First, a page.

Family shocked after 18-year-old receives ticket following dog’s death

An 18-year-old is facing a nearly $1,300 fine after his family’s dog died. Edward Djan has more on the family’s ordeal.

When a family friend was in a bind looking for a new place to live, they asked if Michelle Riel would take care of their pet dog, Zena, for up to two weeks as they found new accommodations.

Two weeks turned into years without any contact with that person, but during that time Zena became part of the family.

Zena spent close to three years with the family before dying on February 28.

As Riel and her family grieve the loss of Zena, she is also struggling to understand why her 18-year-old son has now been fined nearly $1,300 under Manitoba’s Animal Care Act and is accused of not providing adequate medical attention for an animal when ill, causing death.

“They gave us a ticket, but with no actual explanation,” said Riel. “I’m devasted over this. I’m trying to grieve over a pet, and we have this happening to us.”

The ordeal started for the family back in early February when Zena fell ill on a weekend. Riel’s son took Zena to Pembina Veterinary Hospital because his mom was busy taking care of his other siblings and because the hospital was open 24/7.

According to the family, the hospital said Zena had pyometra — a serious and potentially life-threatening infection of the uterus that causes it to fill with bacteria and pus — and needed surgery. When Grout was given a quoted price from the hospital, he told them his family didn’t have the money.

“They said we wanted to do some blood tests and some other tests on her. I said we don’t have the funds for that. They said, ‘OK, but she might need surgery,’” said Eric Grout, Riel’s son.

Grout was able to take Zena home where they looked at other options, including giving her away to a rescue and even euthanizing her.

Desperate, Riel turned to Facebook for help, where a friend of hers offered to pay for Zena’s surgery at his vet.

An appointment was booked for Feb. 28, but on that day early in the morning, Zena collapsed and was again rushed to Pembina Animal Hospital, where she was declared dead.

The family paid the hospital to cremate Zena that day. After nearly a month of back and forth with the hospital trying to get Zena’s remains, the family was informed that their case had been referred to Manitoba’s office of the Chief Veterinary Officer for failing to provide adequate medical attention for an animal when ill, causing death.

Fined for not having money

“She had a vet appointment, we had everything lined up, the funds lined up and she passed right before our appointment. No one told us we have to bring her to a vet in a certain number of days, in a certain amount of time and now this is happening to us. I couldn’t afford surgery, someone offered to pay and now we are being given a ticket, that we also can’t pay,” said Riel.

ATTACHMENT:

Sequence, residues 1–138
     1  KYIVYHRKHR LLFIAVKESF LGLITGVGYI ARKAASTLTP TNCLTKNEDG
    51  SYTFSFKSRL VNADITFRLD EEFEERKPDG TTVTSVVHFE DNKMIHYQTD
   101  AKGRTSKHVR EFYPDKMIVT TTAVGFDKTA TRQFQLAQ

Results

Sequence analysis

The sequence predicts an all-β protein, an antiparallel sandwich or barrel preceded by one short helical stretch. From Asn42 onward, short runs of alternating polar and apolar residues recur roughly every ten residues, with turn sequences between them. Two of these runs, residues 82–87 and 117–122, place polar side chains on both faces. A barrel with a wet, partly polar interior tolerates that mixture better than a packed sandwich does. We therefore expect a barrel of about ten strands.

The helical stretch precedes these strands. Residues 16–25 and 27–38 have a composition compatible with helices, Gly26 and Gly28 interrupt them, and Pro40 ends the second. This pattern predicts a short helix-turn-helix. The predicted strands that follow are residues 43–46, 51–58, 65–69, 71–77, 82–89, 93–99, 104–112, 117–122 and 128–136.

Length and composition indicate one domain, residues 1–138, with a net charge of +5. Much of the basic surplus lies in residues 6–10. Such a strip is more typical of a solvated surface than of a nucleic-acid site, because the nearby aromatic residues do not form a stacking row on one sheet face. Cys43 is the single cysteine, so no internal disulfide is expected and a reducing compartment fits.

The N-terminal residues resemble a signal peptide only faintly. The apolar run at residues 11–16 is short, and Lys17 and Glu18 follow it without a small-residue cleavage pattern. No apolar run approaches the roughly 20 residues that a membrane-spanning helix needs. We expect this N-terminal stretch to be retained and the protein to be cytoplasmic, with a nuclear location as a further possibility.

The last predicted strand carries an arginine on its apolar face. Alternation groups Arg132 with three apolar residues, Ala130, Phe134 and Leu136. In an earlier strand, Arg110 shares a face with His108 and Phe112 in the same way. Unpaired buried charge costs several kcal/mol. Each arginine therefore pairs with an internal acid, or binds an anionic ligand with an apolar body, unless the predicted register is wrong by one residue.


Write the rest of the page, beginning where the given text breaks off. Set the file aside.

Michelle Riel. (Photo Credit: Edward Djan, CityNews)

The family informed both the hospital and the CVO’s office that they had made an appointment for Zena to undergo surgery on the day of her death at another vet.

Despite that on April 16, Grout home alone, was served a ticket for nearly $1,300.

“My eyes just shot open, I looked at him and said this is ridiculous,” said Grout.

When CityNews first called the hospital, the person who first answered our call said it would be highly unlikely for us to receive a comment from them because of what they said was patient confidentially, despite what appears to be the clinic responding to negative reviews on their Google page discussing individual cases publicly.

That same person advised us a manager was unavailable at that exact time but would give us a call the same day. They didn’t and CityNews the following day left a message using a form on their website, reached out to them via Facebook Messenger, and called them once again.

A manager did return our call, acknowledging they are aware of the situation but are refusing to comment at all citing this time another reason, that the case is now under the responsibility of the CVO.

In a statement the province says they do consider financial situations in cases of alleged neglect and added, “The determination of neglecting to provide medical care always involves a comprehensive assessment that considers various factors, including the specific needs of the animal, the severity of the medical condition, and the actions or inactions of the animal owner.”

CityNews also reached out to Agriculture Minister Ron Kostyshyn for reaction on the story, but was directed back to ministry officials.

As for the family, they plan on fighting the ticket. “We cared for Zena; we did everything we could,” said Riel.

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